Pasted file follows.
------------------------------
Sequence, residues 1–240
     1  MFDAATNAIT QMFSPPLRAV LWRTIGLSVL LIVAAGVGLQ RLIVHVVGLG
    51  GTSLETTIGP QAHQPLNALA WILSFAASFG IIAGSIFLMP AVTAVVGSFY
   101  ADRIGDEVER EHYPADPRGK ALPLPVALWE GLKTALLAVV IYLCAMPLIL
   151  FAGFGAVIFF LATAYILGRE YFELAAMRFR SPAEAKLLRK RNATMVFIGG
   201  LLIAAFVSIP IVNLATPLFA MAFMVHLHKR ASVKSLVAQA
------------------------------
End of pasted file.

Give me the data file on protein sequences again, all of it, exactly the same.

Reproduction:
Sequence, residues 1–240
     1  MFDAATNAIT QMFSPPLRAV LWRTIGLSVL LIVAAGVGLQ RLIVHVVGLG
    51  GTSLETTIGP QAHQPLNALA WILSFAASFG IIAGSIFLMP AVTAVVGSFY
   101  ADRIGDEVER EHYPADPRGK ALPLPVALWE GLKTALLAVV IYLCAMPLIL
   151  FAGFGAVIFF LATAYILGRE YFELAAMRFR SPAEAKLLRK RNATMVFIGG
   201  LLIAAFVSIP IVNLATPLFA MAFMVHLHKR ASVKSLVAQA